By contrast I visited a 'local' branch of a major food chain and was really surprised by the attention to customers, which is in itself unusual in these convenience stores. I entered the store and began to look for inspiration for dinner along the aisle that was furthest from the checkout. I quickly made a decision and set about gathering the products that I wanted and started to make my way towards the checkout. I had been aware that staff were busily milling about, filling shelves and productively talking with each other. As I went along my aisle I was conscious of a member of their team quietly singing as she pushed a trolley with goods along the neighbouring parallel aisle to mine and in the same direction. As we were travelling at a similar speed it was not a surprise to find that we exited at the same time, but as I was turning towards her direction she immediately stopped, smiled, said "you go first sir" and let me through without a moments thought. This, I have to tell you, is one of my main criticisms of supermarkets trading through 24 hours - when the staff are filling they very seldom pay any real attention to the needs of the passing customer. Anyway, back to this 'local'; I went to the checkout and there was already a gentleman waiting with a newspaper to pay. I heard a comment of "oh sorry!" behind us and a member of staff rushed to the checkout, apologising as she went that she had not noticed us before - she had been shelf-filling. She immediately started serving the other man and simultaneously pushed the help button to summon another member of the team. This new team member appeared immediately also apologising for any delay as she went, even though the 'wait' was far less than I experience in the convenience stores that are slightly more local to me than this one.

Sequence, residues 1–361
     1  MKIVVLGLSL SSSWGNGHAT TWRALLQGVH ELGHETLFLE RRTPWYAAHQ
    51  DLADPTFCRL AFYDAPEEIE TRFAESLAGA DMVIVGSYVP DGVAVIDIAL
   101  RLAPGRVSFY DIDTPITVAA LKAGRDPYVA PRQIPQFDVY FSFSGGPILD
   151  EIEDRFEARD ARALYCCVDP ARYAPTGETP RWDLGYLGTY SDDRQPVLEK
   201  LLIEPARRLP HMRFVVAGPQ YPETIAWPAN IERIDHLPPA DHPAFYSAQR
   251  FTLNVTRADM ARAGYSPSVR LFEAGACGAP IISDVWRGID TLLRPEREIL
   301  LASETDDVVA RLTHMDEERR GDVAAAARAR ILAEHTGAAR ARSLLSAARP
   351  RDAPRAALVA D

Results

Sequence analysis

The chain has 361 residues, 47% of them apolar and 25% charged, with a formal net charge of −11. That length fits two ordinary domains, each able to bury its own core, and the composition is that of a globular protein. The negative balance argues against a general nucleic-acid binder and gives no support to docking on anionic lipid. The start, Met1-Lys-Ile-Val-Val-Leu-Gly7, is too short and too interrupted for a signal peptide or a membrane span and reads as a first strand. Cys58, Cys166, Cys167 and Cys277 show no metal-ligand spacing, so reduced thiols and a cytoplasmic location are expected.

She chatted amiably but was clearly focussed on her work, she was clear in her language and extremely friendly. I left that store feeling that if I have to use a 'local' then I would happily go there again. Strangely, there is a branch of the same 'local' about the same distance from me in another direction and there I have never felt any sense of pride in the work of the staff, nor much friendliness. I think one of the morals to be drawn from the experiences that I have outlined here, is that the mission statements and intentions of head offices and chief executives are not consistently met on the shop floor. This says clearly to me that now is the time to improve the customer relationship, to improve staff training and to stop looking at cost cutting based upon theoretical notions of good accountancy practice - cash flow is king and happy customers provide that cash!